Scientists have developed a new watch-like device that can be worn comfortably on the wrist and records blood pressure continuously - with no pressure cuff or invasive procedure.
The device measures blood pressure through several sensors which simultaneously measure the contact pressure, pulse and blood flow on the surface of the skin in the vicinity of the wrist.
"This measuring device can be used for medical purposes, for example as a precaution for high-risk patients or for treating high blood pressure, but also as a blood pressure and heart rate monitor for leisure activities and sports as well as for monitoring fitness in high-level sports," said Michael Tschudin, co-founder of the company STBL Medical Research AG (STBL) in Freienbach, Switzerland which developed the device.
Measuring and monitoring blood pressure is a tedious business for patients. It usually involves a cuff which is activated every 15 minutes over several hours and compresses the upper arm, a cumbersome measuring device on the body, or in some cases even invasive monitoring, in which a catheter is inserted into the artery.
The device would offer a more pleasant method for measuring blood pressure.
The researchers had to overcome one particular obstacle in the new technology: the pressure of the device on the skin changes constantly, meaning that highly sensitive correctional measurements are necessary.
Empa's Laboratory for High Performance Ceramics found a solution. A sensor made from piezo-resistive fibres in the wristband measures the contact pressure of the device on the skin.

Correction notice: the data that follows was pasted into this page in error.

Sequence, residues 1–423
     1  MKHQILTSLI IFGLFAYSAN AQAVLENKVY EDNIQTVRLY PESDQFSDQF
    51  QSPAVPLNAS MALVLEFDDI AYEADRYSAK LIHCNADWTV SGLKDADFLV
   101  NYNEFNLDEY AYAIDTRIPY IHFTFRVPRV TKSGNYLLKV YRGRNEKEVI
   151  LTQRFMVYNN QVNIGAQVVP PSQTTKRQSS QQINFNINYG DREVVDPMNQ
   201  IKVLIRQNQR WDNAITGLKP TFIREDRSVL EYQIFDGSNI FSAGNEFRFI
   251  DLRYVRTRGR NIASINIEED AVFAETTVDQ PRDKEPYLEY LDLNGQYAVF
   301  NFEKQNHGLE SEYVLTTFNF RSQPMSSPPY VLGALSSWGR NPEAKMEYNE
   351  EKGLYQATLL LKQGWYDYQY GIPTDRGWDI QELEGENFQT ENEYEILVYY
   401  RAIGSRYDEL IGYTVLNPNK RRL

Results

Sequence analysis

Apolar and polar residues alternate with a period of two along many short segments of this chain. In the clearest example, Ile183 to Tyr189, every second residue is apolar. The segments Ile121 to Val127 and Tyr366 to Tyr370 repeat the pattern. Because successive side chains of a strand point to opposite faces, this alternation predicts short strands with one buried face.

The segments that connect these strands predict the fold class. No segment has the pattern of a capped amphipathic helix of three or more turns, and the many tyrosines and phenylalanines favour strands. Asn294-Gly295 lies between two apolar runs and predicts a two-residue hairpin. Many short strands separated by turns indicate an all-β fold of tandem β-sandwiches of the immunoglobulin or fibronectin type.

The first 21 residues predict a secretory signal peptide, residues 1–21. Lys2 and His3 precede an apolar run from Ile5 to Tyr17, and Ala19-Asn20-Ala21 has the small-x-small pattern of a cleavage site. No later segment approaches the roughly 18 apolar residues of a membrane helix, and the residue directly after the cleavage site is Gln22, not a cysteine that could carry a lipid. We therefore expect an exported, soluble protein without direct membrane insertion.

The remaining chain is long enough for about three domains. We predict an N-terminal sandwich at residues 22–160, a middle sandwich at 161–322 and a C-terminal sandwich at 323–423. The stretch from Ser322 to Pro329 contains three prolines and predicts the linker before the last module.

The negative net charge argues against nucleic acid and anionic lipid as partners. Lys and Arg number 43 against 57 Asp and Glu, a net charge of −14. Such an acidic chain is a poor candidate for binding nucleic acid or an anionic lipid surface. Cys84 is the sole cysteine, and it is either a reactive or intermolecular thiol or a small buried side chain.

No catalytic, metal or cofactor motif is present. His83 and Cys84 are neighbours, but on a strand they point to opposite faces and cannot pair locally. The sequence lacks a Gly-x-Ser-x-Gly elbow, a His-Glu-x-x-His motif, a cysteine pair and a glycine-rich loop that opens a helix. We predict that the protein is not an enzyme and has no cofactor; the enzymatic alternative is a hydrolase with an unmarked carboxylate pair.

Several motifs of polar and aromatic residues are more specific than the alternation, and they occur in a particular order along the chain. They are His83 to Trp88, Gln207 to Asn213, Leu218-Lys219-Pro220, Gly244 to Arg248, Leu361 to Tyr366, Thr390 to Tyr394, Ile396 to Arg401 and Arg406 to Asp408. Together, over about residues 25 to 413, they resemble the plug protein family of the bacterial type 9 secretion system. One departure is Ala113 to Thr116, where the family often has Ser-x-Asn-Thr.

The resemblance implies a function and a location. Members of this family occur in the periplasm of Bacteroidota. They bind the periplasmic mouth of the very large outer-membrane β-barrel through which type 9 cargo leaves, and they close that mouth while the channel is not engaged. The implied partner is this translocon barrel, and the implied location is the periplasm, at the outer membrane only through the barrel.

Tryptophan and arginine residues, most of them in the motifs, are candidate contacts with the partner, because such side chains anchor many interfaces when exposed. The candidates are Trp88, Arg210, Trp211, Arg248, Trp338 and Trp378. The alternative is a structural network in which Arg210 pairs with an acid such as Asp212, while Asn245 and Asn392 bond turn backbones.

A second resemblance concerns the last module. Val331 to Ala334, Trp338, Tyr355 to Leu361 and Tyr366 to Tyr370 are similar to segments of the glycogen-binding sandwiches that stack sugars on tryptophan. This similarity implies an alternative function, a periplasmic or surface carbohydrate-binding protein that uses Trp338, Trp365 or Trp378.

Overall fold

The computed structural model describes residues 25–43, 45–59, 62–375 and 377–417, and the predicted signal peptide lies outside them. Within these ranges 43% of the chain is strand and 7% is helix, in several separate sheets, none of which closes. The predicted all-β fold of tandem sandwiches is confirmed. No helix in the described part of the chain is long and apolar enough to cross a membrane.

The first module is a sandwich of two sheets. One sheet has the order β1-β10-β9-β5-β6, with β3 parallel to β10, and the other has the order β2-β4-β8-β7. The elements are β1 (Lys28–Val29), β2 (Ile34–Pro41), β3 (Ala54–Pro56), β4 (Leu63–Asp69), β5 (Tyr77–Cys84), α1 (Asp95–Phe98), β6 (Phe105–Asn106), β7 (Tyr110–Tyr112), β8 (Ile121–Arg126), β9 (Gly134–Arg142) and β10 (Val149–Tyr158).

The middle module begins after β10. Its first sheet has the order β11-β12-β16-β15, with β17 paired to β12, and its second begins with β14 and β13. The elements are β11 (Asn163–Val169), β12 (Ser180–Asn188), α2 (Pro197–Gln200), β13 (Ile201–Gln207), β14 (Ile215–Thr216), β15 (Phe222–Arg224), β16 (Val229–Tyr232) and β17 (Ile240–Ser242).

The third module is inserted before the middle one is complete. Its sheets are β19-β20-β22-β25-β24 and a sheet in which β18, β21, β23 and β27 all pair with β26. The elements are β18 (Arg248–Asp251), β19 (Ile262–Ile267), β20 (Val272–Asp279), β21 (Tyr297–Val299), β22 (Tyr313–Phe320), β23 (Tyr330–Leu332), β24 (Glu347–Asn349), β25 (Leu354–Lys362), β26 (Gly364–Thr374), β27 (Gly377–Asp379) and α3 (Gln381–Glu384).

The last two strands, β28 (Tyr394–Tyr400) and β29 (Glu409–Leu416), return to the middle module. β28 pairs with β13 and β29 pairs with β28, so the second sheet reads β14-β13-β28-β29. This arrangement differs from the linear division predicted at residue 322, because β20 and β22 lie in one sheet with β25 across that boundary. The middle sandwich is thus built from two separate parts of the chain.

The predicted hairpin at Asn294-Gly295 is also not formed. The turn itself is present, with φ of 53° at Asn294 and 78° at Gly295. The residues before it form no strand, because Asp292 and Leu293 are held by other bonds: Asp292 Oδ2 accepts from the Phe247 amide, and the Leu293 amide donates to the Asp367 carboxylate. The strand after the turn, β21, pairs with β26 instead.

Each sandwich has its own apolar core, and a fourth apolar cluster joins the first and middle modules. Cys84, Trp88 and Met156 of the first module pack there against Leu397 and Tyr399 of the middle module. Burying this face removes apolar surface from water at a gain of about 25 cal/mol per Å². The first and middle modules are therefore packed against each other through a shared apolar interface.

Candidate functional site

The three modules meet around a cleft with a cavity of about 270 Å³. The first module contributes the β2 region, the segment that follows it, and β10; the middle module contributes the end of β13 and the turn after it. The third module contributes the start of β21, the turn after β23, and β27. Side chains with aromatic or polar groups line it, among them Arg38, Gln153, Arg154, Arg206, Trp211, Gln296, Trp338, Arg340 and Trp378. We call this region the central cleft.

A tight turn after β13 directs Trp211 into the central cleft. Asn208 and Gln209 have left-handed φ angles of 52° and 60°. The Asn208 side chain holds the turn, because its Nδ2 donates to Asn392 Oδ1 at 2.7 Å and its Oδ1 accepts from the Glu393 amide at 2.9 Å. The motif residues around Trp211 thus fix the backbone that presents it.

Changes in signal strength due to slippage or muscle tension could lead to incorrect measurements. It is these changes that the Empa sensor registers - enabling the measurements to be corrected accordingly.
The fibre is electrically conductive, detects any movement or change in pressure, converts this into an electrical signal and transmits this to the measuring device. This enables the measuring accuracy of the "blood pressure watch" to be increased by more than 70 per cent.
Clinical trials of the device are currently under way. The first measurements have already been taken in parallel with a catheter procedure - with very promising results.
The product should initially be supplied in two versions: a medical monitoring device and a "slimmed down" version for leisure use by sportsmen and women and ordinary people.
"The sensor will be cheaper than existing 24-hour monitoring devices, such as those currently used in hospitals," said Tschudin.